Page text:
The various ethno-linguistic homelands which constitute the Indian Union have always been in various depths of integration with the concept of India. A simple mind-game would demonstrate this. Close your eyes and try to place Madhya Pradesh, Assam and Nagaland in an increasing order of integration with the concept of India. Your particular ordering is unimportant but the fact that this mental exercise can be done at all tells us something. However, depths of integration are not uniform within the constituent ethno-linguistic homelands either. Even there exists a broad spectrum – from total identification and association to complete alienation and separateness. In case of Assam, this spectrum is represented by the AGP and its splinters, AASU, AJYCP, pro-talk ULFA, SULFA, BJP, Congress and other organizations, including those like ULFA(I) which cannot make themselves heard in the official ‘public space’.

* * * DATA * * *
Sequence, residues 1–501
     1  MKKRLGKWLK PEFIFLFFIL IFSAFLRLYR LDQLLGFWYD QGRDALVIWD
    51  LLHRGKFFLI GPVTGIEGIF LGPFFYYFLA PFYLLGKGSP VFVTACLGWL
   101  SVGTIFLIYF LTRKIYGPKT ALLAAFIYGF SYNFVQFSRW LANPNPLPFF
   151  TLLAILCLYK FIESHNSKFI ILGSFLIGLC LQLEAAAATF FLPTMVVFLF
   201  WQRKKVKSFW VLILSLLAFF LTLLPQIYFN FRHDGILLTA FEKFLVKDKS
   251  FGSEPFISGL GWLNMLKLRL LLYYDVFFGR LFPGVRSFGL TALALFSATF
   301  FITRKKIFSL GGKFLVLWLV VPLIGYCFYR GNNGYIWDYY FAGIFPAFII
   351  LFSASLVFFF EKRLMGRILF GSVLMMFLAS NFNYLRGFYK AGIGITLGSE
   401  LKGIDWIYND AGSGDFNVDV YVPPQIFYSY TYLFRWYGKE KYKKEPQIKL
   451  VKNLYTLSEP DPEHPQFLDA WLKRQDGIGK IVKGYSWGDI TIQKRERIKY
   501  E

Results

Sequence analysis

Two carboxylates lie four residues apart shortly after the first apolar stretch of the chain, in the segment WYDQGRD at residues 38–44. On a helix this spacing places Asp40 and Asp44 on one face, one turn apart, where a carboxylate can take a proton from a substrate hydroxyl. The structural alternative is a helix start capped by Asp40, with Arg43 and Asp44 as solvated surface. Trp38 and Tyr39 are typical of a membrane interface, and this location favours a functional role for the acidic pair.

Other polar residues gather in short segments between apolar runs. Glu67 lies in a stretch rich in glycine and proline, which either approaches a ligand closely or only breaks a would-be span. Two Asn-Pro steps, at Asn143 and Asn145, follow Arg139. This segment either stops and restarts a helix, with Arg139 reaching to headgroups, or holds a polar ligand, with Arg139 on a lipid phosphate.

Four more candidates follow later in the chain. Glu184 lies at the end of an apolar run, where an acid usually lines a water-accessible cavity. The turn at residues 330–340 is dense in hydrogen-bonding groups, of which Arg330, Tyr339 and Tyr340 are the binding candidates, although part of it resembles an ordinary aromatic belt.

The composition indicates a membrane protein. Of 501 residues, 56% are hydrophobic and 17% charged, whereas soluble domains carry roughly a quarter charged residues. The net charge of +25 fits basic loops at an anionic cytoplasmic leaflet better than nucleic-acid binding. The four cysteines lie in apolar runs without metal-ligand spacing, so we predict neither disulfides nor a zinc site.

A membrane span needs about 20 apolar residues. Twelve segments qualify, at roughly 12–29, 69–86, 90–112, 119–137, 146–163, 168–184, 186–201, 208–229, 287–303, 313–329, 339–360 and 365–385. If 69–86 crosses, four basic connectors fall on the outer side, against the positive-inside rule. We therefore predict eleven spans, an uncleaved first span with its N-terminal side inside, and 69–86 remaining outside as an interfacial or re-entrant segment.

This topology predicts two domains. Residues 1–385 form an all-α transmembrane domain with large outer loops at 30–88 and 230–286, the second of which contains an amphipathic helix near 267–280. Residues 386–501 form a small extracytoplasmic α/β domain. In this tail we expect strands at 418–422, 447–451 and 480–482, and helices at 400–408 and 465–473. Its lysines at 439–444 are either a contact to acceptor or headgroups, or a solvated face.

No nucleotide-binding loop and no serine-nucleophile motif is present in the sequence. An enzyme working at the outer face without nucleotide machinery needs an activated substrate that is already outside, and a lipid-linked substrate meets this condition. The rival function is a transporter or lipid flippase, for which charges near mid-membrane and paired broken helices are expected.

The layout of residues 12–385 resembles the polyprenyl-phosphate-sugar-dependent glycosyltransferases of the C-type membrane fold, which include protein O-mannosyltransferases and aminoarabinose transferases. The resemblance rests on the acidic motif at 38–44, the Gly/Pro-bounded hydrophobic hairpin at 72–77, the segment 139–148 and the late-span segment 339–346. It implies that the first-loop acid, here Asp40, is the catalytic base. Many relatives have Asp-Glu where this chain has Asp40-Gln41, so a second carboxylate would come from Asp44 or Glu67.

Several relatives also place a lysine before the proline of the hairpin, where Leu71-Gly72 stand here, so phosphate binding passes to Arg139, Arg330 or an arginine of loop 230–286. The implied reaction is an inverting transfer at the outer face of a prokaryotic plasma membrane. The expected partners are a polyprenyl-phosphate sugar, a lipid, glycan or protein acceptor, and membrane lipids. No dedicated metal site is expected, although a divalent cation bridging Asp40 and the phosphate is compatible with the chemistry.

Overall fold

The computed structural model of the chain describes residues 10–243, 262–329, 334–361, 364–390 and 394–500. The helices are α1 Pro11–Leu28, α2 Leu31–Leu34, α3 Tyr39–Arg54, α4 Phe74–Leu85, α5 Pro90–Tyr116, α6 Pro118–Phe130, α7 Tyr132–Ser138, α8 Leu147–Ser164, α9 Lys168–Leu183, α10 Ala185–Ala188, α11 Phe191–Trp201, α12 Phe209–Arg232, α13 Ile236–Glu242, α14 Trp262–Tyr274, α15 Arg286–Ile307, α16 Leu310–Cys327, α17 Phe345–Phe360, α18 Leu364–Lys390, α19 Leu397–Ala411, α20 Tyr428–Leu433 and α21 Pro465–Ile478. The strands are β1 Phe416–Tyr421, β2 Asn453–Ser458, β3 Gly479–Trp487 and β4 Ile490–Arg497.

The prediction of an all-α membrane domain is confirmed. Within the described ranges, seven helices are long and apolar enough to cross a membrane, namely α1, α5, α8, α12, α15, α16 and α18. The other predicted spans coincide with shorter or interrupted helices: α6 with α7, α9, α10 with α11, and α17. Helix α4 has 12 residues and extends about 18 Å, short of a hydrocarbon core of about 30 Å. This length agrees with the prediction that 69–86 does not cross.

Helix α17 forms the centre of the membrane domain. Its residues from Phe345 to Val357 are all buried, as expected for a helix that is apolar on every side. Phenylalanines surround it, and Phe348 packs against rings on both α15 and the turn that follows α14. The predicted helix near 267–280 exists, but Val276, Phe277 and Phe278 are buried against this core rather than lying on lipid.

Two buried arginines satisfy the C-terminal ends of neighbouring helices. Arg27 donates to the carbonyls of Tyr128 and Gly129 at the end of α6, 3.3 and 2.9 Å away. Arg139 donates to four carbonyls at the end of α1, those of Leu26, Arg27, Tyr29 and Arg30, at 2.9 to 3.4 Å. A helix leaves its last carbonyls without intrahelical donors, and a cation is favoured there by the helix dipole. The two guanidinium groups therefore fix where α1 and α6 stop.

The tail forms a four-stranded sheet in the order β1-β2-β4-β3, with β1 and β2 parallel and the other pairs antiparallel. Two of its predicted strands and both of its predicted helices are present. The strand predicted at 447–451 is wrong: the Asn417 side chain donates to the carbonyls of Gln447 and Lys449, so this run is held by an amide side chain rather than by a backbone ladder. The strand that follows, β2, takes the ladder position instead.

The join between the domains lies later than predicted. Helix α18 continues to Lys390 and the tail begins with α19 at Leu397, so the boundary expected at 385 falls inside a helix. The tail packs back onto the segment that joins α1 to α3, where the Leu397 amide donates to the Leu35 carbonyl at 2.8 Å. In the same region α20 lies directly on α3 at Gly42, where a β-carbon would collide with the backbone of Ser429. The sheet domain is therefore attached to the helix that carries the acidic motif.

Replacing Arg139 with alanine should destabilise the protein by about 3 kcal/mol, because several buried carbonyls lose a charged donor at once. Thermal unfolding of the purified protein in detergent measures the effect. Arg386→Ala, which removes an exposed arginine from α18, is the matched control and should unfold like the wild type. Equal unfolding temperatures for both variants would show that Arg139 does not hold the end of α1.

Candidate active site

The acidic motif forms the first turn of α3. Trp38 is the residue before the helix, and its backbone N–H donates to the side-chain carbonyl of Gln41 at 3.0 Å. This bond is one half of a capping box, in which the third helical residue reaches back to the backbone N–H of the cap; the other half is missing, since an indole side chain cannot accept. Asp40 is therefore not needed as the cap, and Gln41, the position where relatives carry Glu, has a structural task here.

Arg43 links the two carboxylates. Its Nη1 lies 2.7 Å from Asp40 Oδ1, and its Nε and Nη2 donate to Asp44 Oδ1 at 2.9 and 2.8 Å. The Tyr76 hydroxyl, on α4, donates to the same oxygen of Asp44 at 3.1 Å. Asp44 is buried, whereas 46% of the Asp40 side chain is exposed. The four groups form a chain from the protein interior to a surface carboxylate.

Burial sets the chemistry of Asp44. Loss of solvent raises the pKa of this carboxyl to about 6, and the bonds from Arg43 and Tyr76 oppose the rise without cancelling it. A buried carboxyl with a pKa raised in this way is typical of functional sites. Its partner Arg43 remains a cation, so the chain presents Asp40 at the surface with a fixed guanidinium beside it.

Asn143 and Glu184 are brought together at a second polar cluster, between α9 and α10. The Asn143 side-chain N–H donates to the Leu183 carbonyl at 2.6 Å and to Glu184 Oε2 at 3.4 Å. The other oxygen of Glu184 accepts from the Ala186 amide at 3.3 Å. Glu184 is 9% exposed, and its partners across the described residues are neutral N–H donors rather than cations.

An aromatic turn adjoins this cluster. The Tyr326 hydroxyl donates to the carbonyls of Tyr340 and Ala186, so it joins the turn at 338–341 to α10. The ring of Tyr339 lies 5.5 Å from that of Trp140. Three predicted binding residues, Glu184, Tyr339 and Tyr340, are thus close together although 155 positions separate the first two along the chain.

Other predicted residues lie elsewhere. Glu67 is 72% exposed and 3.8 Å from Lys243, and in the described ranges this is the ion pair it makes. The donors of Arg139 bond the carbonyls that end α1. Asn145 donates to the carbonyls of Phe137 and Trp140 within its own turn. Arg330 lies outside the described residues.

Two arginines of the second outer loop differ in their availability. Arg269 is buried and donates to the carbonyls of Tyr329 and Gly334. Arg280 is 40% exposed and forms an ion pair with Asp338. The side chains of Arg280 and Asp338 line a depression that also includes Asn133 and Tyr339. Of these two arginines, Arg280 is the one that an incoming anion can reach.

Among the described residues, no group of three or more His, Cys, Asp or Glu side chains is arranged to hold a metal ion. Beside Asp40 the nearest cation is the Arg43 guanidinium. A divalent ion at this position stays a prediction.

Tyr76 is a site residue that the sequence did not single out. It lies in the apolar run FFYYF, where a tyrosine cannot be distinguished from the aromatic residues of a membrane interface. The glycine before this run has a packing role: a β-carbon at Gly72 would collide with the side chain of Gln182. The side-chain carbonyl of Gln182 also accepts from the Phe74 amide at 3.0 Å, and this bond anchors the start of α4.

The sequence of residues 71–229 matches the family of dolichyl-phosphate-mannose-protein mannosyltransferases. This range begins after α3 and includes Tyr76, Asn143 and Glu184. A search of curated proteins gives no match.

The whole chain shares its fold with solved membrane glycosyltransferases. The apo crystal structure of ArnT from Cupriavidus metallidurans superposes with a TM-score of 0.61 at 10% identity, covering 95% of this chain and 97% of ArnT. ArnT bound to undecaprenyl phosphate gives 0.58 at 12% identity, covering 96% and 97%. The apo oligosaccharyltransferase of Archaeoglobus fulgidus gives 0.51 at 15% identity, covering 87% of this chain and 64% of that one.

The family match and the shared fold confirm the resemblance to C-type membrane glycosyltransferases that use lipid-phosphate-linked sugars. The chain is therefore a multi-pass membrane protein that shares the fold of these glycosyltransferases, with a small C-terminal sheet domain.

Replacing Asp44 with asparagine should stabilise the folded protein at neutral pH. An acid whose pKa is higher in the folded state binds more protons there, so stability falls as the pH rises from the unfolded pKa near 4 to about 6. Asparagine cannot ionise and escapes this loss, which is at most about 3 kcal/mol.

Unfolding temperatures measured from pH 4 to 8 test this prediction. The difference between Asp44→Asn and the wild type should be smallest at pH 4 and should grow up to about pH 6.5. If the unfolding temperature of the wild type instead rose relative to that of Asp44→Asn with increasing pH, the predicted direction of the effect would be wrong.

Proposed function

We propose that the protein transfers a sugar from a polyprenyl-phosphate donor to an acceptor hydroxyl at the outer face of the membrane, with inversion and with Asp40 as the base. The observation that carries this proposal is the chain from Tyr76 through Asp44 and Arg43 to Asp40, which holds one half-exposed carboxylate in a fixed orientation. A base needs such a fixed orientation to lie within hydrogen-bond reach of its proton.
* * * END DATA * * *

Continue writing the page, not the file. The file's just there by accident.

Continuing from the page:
What is the destiny of Assam as a homeland, as a society, as a culture, as an identity? Intricately tied to this question is the future of Assamese nationalism. This debate about the destiny of Assam as identity has various stake-holders who represent viewpoints and imaginations of Assam’s future, even an Assamese future. Though the Indian Union provides an over-arching context and has also been understood as the force whose hegemonic Hindi-Hindu-Hindustan thrust is most likely to defeat the particular culture and identity of Assam, this is essentially an internal dialogue within the Assamese people about the soul of Assam.
If people from the land of “Bharatmata ki Jai” were to visit Assam, they would see in every corner, monuments and slogans hailing another territorial mother, Mother Axom. The slogan “Joy Ai Axom” (Ai meaning mother) speaks of a different imagination of mother and motherland. Such proto-national aspirations may be deemed illegal in a super-centralized politico-judicial system that views dissenting diversity as the greatest enemy but they are neither illegitimate nor unreal. The persistence of the political representation vacuum that’s been created by AGP’s alliance with BJP needs resolution through a cross-communal, Assam-first electoral force. But if the political batte-field is so polarized between ‘Bharatmata’ and ‘illegal Bangladeshis’, who will fight for Ai Axom?